- 1762 – Seven Years’ War: Battle of Signal Hill.
- 1776 – American Revolutionary War: British forces land at Kip’s Bay during the New York Campaign.
- 1789 – The United States “Department of Foreign Affairs”, established by law in July, is renamed the Department of State and given a variety of domestic duties.
- 1812 – The French army under Napoleon reaches the Kremlin in Moscow.
- 1812 – War of 1812: A second supply train sent to relieve Fort Harrison is ambushed in the Attack at the Narrows.
- 1816 – HMS Whiting runs aground on the Doom Bar
- 1820 – Constitutionalist revolution in Lisbon, Portugal.
- 1821 – Guatemala, El Salvador, Honduras, Nicaragua, and Costa Rica jointly declare independence from Spain.
- 1830 – The Liverpool to Manchester railway line opens.
- 1831 – The locomotive John Bull operates for the first time in New Jersey on the Camden and Amboy Railroad.
- 1835 – HMS Beagle, with Charles Darwin aboard, reaches the Galápagos Islands. The ship lands at Chatham or San Cristobal, the easternmost of the archipelago.
- 1851 – Saint Joseph’s University is founded in Philadelphia, Pennsylvania.
- 1862 – American Civil War: Confederate forces capture Harpers Ferry, Virginia.
- 1873 – Franco-Prussian War: The last German troops leave France upon completion of payment of indemnity.
- 1894 – First Sino-Japanese War: Japan defeats Qing dynasty China in the Battle of Pyongyang.1916 – World War I: Tanks are used for the first time in battle, at the Battle of the Somme.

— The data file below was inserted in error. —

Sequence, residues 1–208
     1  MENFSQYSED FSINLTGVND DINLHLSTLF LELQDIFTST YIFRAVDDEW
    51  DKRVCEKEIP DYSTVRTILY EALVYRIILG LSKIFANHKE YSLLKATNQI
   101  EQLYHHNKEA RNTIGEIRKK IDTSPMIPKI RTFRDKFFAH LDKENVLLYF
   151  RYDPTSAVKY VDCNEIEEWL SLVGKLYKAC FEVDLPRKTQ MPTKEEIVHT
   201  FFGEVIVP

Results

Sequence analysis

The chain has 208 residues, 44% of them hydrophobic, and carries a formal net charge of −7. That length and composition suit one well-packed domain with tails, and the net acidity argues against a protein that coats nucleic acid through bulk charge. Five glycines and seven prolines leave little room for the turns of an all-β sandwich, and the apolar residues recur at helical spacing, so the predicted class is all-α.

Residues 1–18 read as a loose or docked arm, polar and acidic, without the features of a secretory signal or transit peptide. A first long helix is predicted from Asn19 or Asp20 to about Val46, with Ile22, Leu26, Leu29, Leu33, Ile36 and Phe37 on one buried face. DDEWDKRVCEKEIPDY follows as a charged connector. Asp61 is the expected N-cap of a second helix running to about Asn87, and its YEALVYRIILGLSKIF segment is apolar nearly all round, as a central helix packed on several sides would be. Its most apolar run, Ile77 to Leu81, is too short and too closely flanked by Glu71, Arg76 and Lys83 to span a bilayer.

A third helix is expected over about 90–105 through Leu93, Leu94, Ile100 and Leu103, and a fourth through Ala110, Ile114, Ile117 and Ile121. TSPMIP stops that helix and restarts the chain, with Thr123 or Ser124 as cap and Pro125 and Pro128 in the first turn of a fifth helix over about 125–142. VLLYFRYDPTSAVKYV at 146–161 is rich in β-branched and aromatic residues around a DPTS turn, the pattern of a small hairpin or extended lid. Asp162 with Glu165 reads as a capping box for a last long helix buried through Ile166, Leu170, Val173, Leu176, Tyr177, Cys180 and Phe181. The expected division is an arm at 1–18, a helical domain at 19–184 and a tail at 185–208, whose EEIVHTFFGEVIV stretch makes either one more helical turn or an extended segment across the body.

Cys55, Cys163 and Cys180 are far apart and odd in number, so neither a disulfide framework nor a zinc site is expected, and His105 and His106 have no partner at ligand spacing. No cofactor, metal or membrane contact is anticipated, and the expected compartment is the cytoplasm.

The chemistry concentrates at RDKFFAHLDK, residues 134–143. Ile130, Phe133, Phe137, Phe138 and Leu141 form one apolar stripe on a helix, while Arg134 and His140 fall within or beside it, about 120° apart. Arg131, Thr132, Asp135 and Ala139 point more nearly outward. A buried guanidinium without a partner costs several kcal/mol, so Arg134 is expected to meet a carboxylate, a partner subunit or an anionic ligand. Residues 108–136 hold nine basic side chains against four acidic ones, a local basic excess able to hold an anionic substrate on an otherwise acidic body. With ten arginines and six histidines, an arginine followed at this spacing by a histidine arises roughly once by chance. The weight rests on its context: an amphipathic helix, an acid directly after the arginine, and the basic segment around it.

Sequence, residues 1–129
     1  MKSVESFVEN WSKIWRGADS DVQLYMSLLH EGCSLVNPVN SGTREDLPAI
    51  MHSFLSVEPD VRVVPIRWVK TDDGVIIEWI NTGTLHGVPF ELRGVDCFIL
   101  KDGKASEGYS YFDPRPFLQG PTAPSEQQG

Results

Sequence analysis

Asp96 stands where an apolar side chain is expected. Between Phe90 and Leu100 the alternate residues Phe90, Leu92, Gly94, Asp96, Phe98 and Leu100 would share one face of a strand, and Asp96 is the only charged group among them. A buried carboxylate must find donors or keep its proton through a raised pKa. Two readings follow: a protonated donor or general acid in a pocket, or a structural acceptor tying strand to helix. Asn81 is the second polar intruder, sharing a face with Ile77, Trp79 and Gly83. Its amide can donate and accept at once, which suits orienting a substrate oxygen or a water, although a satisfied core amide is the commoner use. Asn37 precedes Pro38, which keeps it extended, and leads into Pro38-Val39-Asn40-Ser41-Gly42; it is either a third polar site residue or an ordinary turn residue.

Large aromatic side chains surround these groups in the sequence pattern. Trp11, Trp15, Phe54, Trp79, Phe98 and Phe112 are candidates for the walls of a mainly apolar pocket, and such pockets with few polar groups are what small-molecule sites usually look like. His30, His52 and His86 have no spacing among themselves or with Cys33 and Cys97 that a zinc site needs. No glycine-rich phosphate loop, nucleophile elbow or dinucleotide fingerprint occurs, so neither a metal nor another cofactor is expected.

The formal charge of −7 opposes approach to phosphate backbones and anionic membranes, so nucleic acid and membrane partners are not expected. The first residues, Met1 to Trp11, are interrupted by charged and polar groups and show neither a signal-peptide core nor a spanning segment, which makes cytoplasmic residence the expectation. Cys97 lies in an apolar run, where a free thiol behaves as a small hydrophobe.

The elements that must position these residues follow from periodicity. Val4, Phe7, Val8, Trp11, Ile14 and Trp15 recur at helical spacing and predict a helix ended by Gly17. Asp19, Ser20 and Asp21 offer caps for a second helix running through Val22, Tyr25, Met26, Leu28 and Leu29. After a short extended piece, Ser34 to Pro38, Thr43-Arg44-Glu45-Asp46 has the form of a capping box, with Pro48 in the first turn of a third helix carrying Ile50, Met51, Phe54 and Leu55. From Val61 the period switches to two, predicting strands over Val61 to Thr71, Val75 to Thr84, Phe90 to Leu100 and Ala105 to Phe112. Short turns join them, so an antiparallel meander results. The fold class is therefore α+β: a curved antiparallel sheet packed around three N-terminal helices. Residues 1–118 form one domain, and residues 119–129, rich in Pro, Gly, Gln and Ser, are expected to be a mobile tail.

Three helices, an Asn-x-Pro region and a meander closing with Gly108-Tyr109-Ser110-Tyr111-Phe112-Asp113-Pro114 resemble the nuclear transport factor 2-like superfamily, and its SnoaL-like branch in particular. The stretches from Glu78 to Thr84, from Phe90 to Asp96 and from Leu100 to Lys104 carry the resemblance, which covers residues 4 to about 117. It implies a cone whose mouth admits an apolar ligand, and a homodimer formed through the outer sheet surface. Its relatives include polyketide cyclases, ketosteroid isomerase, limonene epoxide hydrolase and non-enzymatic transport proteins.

- 1918 – World War I:The Battle of Dobro Pole is fought, Entente troops break through the Bulgarian defenses on the Macedonian Front eventually liberating Vardar Macedonia and forcing Bulgaria to sign the Armistice of Salonica.
- 1935 – The Nuremberg Laws deprive German Jews of citizenship.
- 1935 – Nazi Germany adopts a new national flag bearing the swastika.
- 1940 – World War II: The climax of the Battle of Britain, when the Royal Air Force shoots down large numbers of Luftwaffe aircraft.
- 1942 – World War II: U.S. Navy aircraft carrier USS Wasp is sunk by a Japanese torpedo at Guadalcanal.
- 1944 – Franklin D. Roosevelt and Winston Churchill meet in Quebec as part of the Octagon Conference to discuss strategy.
- 1944 – Battle of Peleliu begins as the United States Marine Corps’ 1st Marine Division and the United States Army’s 81st Infantry Division hit White and Orange beaches under heavy fire from Japanese infantry and artillery.
- 1945 – A hurricane in southern Florida and the Bahamas destroys 366 planes and 25 blimps at NAS Richmond.
- 1947 – RCA releases the 12AX7 vacuum tube.
- 1947 – Typhoon Kathleen hit the Kanto Region in Japan killing 1,077.
- 1948 – The F-86 Sabre sets the world aircraft speed record at 671 miles per hour (1,080 km/h).
- 1950 – Korean War: United States forces land at Inchon